The Federal Aviation Administration has announced plans to ease restrictions on the use of portable electronic devices to play games, read or listen to music during takeoffs and landings of commercial planes.
But federal officials have not lifted restrictions on making cellphone calls from a plane.
Before the changes take effect, the new rules announced Thursday in Washington require airlines to prove that using electronic devices such as electronic readers and tablets on "airplane mode" is safe for their aircraft.
Larger devices, such as laptops, must be stowed during takeoffs and landings to keep them from flying around the cabin during turbulence.
Industry officials warn that the policy, once adopted, could vary from airline to airline. The FAA predicted that most airlines will allow the use of electronic devices by the end of the year.
The change in policy comes in response to recommendations made in early October by a committee that included representatives from the airline and electronics industries, plus pilots and flight attendants.
The new rules were welcomed Thursday by travel industry leaders who said more Americans are likely to fly if the experience is more enjoyable.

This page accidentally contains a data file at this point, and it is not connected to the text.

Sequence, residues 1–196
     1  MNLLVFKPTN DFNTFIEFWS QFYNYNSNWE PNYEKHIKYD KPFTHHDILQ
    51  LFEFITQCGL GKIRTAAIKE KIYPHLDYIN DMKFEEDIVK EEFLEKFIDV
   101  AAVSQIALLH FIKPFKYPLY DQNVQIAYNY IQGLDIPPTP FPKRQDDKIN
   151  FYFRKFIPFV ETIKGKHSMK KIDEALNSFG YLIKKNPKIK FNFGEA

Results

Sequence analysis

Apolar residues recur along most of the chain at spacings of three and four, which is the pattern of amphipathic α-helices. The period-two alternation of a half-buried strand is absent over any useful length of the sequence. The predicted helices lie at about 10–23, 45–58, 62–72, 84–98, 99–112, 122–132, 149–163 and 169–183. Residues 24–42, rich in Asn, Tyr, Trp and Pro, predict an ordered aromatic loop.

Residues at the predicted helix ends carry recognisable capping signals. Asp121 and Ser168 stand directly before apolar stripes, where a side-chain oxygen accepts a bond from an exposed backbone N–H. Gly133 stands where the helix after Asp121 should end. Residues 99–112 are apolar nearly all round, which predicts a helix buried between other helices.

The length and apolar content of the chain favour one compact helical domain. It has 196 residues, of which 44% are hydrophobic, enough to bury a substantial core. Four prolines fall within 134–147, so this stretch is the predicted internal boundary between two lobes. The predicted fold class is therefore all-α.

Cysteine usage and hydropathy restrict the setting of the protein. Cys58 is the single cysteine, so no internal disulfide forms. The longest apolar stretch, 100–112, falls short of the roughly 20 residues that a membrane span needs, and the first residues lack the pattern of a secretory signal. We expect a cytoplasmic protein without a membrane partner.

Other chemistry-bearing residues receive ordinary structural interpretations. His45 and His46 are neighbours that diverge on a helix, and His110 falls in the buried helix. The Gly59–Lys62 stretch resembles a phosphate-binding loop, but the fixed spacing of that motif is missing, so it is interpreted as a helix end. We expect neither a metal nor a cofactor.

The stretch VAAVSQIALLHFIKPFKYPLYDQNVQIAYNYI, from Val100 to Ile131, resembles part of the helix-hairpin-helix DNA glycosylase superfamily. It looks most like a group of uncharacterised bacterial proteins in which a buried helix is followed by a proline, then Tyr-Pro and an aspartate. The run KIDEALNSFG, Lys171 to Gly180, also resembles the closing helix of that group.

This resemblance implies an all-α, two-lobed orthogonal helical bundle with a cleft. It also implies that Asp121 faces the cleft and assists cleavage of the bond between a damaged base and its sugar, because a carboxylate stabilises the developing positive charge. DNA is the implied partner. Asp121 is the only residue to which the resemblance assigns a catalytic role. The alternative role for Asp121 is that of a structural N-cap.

“The travel community is grateful, because what’s good for the traveler is good for travel-related businesses and our economy," said Roger Dow, chief executive of the U.S. Travel Assn., the trade group for the country's travel industry.
The change will be a challenge for flight attendants, who have said they worry that it will be tougher to give passengers safety instructions if they are listening to music or reading from an e-reader during takeoffs and landings.
Still, a spokeswoman for a flight attendants' union said they will work to implement new rules to ensure passenger safety.
"The expanded usage of PEDs [portable electronic devices] does not diminish the importance of flight attendant safety briefings and we fully expect that passengers will comply with all crewmember instructions regarding these changes," said Corey Caldwell, a spokeswoman for the Assn. of Flight Attendants.